Table 1 MALAT1 associated with DNA damage repair pathway

In all, abnormally high expression of MALAT1 enhances the DNA repair ability of cancer cells through the above pathways, leading to drug resistance.

MALAT1 involved in drug efflux pump function

Reducing intracellular drug concentration is a major and direct way to obtain chemotherapy resistance in tumor cells, which is associated with drug efflux system, such as ATP-binding cassette (ABC) membrane transporter proteins [19, 20]. ABC proteins can affect pharmacokinetics by altering the transport of various drugs. Therefore, the overexpression of ABC protein is the main cause of multidrug resistance. Multidrug resistant protein 1 (MDR1), multidrug resistance like protein 1 (ABCC1 or MRP1), multidrug resistance associated protein 2, and ABC subfamily G2 are relatively common and well-known ABC proteins [51,52,53].

A large number of studies have shown that MALAT1 altered drug distribution by regulating the ABC proteins (Fig. 1B, Table 2). In glioblastoma, si-MALAT1 downregulated the expression of ZEB1, MDR1, MRP5 and LRP1, enhancing the sensitivity to Temozolomide (TMZ) [54, 55]. Conversely, overexpression of MALAT1 led to resistance to TMZ. However, the exact mechanism by which MALAT1 affects the expression of these proteins is still being investigated. It was found that overexpression of MALAT1 upregulated the expression of MRP1 and MDR1 by activating STAT3, thus promoting DDP resistance in NSCLC [56]. Another study pointed out that MALAT1 upregulated ABCC1 expression by activating Notch1, enhancing DDP resistance in OC cells [57]. In addition, MALAT1 was found to be involved in ABCA3 regulation by downregulating miR-335-3p in the multidrug resistant group of childhood acute lymphoblastic leukemia, which may lead to chemotherapy resistance [58]. In colorectal cancer (CRC), suppression of MALAT1 restrained cell progression by downregulation of the expression of ABC, MDR1, MRP1, and breast cancer drug resistant proteins through targeting miR-20b-5p, resulting in drug resistance of cancer cells to 5-FU [59]. In oral squamous cell carcinoma (OSCC), MALAT1 developed the DDP resistance of OSCC by upregulating P-glycoprotein expression [60].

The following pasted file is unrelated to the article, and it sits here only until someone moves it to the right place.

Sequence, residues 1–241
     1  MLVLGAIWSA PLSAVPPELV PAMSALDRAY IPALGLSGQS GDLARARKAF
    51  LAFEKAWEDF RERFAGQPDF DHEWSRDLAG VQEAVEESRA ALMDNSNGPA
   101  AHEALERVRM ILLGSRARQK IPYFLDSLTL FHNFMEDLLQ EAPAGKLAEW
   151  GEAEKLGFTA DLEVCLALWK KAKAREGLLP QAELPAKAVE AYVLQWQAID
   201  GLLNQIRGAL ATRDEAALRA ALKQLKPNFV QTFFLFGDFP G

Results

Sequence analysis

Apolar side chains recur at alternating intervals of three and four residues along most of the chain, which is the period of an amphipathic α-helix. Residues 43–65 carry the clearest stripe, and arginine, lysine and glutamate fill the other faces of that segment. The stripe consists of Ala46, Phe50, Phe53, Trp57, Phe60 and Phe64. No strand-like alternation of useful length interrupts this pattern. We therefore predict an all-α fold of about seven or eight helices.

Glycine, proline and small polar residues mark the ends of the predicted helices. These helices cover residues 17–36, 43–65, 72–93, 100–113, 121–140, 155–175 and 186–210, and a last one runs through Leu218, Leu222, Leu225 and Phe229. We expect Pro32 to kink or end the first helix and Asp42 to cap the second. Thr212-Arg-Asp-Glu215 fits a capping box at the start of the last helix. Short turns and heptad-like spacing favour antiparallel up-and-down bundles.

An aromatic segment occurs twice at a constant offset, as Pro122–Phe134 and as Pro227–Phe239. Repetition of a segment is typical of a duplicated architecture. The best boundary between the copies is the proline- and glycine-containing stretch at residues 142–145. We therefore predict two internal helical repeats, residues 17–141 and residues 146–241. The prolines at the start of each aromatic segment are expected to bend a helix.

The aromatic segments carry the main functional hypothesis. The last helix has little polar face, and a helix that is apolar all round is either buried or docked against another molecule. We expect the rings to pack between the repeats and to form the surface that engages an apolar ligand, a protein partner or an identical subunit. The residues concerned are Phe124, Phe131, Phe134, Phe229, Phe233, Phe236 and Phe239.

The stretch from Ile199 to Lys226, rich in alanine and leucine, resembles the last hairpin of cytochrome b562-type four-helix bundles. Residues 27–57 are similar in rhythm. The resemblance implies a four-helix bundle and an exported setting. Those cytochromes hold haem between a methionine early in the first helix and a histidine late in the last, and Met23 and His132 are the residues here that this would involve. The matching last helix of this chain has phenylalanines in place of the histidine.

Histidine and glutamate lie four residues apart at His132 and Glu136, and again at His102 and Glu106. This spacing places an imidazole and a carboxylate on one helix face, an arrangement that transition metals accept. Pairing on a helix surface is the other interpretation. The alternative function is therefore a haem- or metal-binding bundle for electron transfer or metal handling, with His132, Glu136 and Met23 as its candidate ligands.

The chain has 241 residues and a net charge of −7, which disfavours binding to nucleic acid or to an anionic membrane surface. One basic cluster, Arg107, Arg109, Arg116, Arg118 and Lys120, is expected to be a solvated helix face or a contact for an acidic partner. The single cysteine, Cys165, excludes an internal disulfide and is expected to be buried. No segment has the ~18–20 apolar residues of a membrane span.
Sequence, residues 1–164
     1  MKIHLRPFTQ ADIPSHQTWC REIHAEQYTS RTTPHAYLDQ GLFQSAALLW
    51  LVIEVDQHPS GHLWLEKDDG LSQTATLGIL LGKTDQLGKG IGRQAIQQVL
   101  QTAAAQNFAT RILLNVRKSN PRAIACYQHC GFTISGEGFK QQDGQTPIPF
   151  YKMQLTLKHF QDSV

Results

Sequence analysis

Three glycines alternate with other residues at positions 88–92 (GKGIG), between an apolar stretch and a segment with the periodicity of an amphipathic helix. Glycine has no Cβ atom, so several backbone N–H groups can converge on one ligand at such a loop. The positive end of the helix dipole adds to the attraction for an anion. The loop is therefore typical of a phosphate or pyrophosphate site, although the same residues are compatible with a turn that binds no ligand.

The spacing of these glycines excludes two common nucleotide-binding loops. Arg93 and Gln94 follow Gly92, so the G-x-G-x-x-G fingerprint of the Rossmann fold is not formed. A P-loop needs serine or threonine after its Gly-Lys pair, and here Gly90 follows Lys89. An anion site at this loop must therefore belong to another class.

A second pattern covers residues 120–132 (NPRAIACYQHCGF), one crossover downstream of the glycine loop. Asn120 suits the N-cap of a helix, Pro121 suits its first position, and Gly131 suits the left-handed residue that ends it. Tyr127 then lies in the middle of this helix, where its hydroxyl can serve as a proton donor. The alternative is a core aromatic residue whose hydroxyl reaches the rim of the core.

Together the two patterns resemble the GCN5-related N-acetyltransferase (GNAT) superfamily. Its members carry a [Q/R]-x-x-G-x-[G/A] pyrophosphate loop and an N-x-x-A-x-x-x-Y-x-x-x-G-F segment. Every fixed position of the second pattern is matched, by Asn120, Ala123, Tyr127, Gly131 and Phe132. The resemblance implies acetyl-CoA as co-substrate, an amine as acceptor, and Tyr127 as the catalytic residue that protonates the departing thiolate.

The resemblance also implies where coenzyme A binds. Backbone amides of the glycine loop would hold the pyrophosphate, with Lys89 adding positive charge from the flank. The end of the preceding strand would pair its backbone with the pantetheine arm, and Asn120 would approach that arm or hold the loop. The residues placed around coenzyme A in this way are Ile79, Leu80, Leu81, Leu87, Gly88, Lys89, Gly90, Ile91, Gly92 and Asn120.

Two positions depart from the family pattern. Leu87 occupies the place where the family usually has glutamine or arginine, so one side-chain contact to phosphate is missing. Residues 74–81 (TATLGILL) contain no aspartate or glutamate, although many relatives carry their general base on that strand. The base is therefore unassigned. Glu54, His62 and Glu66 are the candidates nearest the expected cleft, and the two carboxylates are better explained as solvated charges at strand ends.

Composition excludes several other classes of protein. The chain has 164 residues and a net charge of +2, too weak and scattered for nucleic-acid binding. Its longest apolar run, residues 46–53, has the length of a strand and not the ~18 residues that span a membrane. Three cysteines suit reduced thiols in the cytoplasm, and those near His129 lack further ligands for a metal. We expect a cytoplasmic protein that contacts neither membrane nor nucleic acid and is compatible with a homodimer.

Table 2 MALAT1 involved in drug efflux pump function

Through these pathways, MALAT1 enhances the function of drug efflux pump in tumor cells, reduces intracellular drug concentration, and leads to drug resistance of tumors.

MALAT1 involved in cell cycle regulation

To ensure the quality and integrity of DNA replication, there is a mechanism in the cell cycle to solve the abnormal events that occur during DNA replication, which is known as the cell cycle checkpoint. The cell cycle checkpoint system consists of many molecules, including upstream protein kinases such as Ataxia telangiectasia-mutated and ataxia telangiectasis and Rad3 related, and downstream checkpoint proteins such as CHK1, CHK2, BRCA, and p53 [61, 62]. Cancer cell resistance to chemotherapy may be due to defects in factors associated with cell cycle checkpoints [63].

There is growing evidence that MALAT1 has a regulatory role in the cell cycle that reduces the sensitivity to chemotherapy (Fig. 1C, Table 3). For instance, it was found that MALAT1 promoted TMZ resistance in glioblastoma multiforme (GBM) cells. MALAT1 promoting the thymidylate synthase by downregulating miR-203, resulting in TMZ resistance, which was demonstrated by an increased percentage of cell population in G0/G1 phase [64]. Moreover, suppression of MALAT1 downregulated the expression of Cyclin D1 and CDK, and upregulated the expression of p53, p21, and p27, resulting in an increase of sensitivity of hepatocellular carcinoma (HCC) cells to 5-FU [65]. In addition, MALAT1 silencing greatly blocked the cell cycle of chronic myeloid leukemia (CML) cells and inhibited cell proliferation by releasing the sponging effect on miR-328, which attenuated the chemotherapy resistance of CML cells to imatinib [66]. Another study pointed out that MALAT1 was overexpressed in head and neck squamous cell carcinoma (HNSCC) cells. Downregulation of MALAT1 resulted in cell cycle arrest in G(2)/M phase and enhanced sensitivity of HNSCC cells to DDP [67].